In the late 1997 and 1998, now promoted to Colonel USMCR, McCartney volunteered for assignment as an adjunct faculty member of the Naval Justice School and served two tours of duty in Rwanda, Africa, assisting the U.S. Embassy and the Rwandan government. In this capacity, he directed and guided law enforcement authorities as they undertook the daunting and enormous job prosecuting genocide war crimes.

During his 30 year career with the Marine Corps, McCartney was the recipient of numerous personal decorations and unit/campaign decorations mainly for his Vietnam tour of duty and his service in Operation Desert Shield/Desert Storm with the 1st Marine Division. He was the recipient of the Navy-Marine Corps medal for heroism, Navy Commendation & Achievement Medals, and the Combat Action Ribbon (2 gold stars). In 1999 upon his retirement from the Marine Corps, he was awarded the Rhode Island Star by the state of Rhode Island for his honorable service to the country.

In Warwick, McCartney has been known as leader with strong budgetary oversight, whose department often, especially during the recession, still ran effectively with fewer officers and financial resources. This was accomplished in large part because of McCartney’s ability to reorganize and redeploy personnel and utilize his budget in the most cost-effective way, Solomon said. Under his leadership, OJI were also significantly reduced.

Throughout his tenure, the Warwick Police Department continually earned prestigious CALEA re-accreditation. Earlier this month, WalletHub named Warwick the nation’s fifth safest community in the nation and noted that the City ranked fifth for the lowest assaults per capita. WalletHub’s rankings were based on 39 metrics, including 17 in the home and community safety area. Those included assessments in 17 categories, including the presence of terrorist attacks, murders and manslaughters, forcible rapes, thefts, assaults, sex offenders, public safety employees and hate crimes per capita.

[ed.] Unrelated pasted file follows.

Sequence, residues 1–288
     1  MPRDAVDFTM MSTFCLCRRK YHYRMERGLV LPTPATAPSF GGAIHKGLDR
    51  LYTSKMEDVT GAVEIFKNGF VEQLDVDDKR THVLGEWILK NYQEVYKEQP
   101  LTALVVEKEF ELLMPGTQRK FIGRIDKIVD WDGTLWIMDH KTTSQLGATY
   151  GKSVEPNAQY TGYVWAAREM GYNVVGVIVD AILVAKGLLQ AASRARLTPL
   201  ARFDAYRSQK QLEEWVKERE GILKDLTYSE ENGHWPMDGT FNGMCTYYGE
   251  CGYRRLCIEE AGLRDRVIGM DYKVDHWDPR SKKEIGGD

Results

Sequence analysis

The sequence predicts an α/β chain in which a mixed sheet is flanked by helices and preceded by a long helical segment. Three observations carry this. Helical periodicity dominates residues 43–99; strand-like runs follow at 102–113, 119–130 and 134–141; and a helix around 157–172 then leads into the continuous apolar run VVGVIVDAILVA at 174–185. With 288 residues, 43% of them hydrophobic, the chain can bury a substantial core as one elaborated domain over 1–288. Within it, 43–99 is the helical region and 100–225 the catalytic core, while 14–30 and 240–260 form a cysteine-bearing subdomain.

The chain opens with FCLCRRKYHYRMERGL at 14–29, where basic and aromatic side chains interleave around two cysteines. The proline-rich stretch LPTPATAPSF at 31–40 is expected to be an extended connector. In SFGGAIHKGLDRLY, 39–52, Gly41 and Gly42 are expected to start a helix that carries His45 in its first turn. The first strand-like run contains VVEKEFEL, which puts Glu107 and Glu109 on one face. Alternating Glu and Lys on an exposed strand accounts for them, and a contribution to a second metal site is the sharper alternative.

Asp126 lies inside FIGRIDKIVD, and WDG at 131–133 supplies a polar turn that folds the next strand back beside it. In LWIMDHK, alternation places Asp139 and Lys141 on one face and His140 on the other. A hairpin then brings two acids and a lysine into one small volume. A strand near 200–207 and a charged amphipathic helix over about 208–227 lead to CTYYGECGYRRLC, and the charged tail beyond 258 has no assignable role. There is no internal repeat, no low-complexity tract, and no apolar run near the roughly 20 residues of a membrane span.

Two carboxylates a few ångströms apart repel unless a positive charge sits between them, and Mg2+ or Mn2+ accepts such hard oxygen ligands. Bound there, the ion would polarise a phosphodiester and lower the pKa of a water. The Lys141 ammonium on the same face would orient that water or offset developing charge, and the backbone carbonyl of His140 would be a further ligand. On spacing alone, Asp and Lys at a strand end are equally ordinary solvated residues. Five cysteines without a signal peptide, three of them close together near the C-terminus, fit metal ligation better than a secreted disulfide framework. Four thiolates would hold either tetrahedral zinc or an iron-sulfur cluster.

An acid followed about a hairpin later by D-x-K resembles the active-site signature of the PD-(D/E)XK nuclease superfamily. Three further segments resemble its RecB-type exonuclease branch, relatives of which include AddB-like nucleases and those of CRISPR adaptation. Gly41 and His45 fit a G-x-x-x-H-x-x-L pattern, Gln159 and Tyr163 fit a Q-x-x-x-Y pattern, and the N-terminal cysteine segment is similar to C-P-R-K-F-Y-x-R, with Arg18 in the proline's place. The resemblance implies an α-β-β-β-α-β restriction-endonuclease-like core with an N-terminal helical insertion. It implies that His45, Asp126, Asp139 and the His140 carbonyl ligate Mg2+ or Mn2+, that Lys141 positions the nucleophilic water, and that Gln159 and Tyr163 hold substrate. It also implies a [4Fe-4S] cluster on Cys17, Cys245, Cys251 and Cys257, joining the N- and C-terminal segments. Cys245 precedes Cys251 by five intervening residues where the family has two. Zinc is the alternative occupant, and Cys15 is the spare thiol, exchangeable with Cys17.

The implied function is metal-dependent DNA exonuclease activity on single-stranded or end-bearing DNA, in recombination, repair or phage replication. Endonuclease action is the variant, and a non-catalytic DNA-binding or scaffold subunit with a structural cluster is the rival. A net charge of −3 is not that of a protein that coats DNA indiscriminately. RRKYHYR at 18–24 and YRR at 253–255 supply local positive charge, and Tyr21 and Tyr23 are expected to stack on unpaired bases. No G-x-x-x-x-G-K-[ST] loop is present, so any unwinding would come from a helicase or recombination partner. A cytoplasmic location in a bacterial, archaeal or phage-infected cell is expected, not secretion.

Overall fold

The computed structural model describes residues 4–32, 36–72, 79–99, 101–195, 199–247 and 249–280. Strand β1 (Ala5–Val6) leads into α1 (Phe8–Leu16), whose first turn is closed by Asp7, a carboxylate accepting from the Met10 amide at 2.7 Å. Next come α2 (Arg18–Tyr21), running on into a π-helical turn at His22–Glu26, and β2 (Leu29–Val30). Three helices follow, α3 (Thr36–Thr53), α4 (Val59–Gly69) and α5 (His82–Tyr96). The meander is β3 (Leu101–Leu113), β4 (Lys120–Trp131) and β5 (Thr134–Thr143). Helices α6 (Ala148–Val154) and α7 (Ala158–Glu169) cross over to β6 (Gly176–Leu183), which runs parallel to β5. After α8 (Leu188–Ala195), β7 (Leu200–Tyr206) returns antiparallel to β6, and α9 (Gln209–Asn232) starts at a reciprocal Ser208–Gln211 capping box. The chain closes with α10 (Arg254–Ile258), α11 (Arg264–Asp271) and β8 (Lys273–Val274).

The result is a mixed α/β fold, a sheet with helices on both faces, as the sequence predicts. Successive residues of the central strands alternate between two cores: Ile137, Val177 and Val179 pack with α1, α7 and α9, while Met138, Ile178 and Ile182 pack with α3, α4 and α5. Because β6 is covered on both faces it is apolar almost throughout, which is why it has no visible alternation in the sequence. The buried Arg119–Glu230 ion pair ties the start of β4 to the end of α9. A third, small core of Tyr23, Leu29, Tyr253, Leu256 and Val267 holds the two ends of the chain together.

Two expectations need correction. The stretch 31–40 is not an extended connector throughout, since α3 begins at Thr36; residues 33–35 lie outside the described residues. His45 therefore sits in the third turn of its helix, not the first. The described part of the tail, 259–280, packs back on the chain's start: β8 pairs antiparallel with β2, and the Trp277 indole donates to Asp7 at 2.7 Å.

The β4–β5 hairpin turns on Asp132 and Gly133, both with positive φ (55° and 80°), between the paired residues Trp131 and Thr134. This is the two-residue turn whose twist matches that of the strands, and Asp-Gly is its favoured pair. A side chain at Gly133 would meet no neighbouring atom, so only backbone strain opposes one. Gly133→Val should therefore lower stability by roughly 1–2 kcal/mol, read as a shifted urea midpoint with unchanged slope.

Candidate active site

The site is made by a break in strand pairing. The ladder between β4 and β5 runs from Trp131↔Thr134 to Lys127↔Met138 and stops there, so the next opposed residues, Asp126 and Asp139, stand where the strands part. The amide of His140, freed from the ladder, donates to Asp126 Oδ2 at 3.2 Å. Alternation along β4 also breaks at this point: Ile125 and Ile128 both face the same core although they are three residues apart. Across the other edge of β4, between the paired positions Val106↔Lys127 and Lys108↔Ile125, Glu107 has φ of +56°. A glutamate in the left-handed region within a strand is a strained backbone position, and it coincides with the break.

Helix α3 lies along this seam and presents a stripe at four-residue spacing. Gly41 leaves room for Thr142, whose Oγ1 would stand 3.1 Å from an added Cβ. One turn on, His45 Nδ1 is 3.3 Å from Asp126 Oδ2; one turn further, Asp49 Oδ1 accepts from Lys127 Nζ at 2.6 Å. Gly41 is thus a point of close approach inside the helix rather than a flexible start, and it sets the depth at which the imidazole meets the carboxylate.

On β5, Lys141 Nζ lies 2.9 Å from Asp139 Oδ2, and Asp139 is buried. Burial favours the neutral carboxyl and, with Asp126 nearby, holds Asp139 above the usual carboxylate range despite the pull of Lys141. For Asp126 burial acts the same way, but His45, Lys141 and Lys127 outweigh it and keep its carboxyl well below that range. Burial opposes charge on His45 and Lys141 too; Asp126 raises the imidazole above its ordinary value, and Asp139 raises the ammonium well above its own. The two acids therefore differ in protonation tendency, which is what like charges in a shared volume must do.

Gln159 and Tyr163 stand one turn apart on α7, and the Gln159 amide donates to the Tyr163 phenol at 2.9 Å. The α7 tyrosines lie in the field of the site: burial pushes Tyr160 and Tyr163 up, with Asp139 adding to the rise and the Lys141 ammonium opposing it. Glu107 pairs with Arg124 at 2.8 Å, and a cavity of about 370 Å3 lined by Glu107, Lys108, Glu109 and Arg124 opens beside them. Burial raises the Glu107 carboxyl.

McCartney’s distinguished career includes numerous commendations for outstanding police work. He has been recognized for outstanding achievement by the Rhode Island U.S. Attorney, Rhode Island Office of Attorney General, the Federal Bureau of Investigation, the U.S. Secret Service, and the Bureau of Alcohol, Tobacco, and Firearms.

His honors include the 2009 Public Service Award from the Rhode Island Branch of the American Society for Industrial Security Professionals, the prestigious Neil J. Houston, Jr. Memorial Award for Excellence in Criminal Justice, and the 2010 Kent County Chamber of Commerce Community Service Award 2010. In 2012, he was inducted into the Rhode Island Criminal Justice Hall of fame.

McCartney has served as the president of the Rhode Island Police Chief’s Association in 2008 and Chairman of the Rhode Island Police Accreditation Commission for the last 6 years and the Law Enforcement Planning Commission for the last 12 years. He served on the Risk Management Committee of the Rhode Island Interlocal Trust for 17 years.